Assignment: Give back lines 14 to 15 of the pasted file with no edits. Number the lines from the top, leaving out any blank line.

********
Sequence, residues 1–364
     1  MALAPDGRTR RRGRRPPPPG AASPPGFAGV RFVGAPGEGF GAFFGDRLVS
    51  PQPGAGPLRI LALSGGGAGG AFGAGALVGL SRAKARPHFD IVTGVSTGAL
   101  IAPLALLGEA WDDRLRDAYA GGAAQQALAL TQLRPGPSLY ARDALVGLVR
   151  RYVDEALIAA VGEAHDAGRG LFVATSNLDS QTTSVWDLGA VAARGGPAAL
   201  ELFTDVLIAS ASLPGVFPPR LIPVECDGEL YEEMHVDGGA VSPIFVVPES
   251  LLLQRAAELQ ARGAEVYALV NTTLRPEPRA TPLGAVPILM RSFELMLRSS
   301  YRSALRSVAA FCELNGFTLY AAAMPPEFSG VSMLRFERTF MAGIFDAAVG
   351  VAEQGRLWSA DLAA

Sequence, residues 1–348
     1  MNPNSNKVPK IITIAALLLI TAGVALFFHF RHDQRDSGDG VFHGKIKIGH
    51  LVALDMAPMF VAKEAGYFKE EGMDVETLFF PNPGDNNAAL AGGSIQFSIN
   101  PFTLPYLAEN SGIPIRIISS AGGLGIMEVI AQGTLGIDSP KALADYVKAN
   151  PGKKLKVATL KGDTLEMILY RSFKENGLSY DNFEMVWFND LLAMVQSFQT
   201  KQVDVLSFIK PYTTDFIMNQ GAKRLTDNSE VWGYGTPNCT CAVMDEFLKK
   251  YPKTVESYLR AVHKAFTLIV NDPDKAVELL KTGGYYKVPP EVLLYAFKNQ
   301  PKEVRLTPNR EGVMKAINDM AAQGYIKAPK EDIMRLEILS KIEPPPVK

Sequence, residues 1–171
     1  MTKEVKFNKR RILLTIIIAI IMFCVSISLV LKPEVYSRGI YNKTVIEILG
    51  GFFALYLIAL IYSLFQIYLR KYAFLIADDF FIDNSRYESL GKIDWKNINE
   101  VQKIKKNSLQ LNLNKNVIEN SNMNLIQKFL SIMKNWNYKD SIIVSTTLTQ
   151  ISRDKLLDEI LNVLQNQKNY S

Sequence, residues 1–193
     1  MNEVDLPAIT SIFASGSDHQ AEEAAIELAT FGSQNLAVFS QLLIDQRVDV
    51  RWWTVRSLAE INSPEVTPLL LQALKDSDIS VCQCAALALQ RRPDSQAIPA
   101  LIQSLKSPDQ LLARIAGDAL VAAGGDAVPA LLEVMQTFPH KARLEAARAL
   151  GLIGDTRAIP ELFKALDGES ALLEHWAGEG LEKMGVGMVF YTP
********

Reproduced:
   151  PGKKLKVATL KGDTLEMILY RSFKENGLSY DNFEMVWFND LLAMVQSFQT
   201  KQVDVLSFIK PYTTDFIMNQ GAKRLTDNSE VWGYGTPNCT CAVMDEFLKK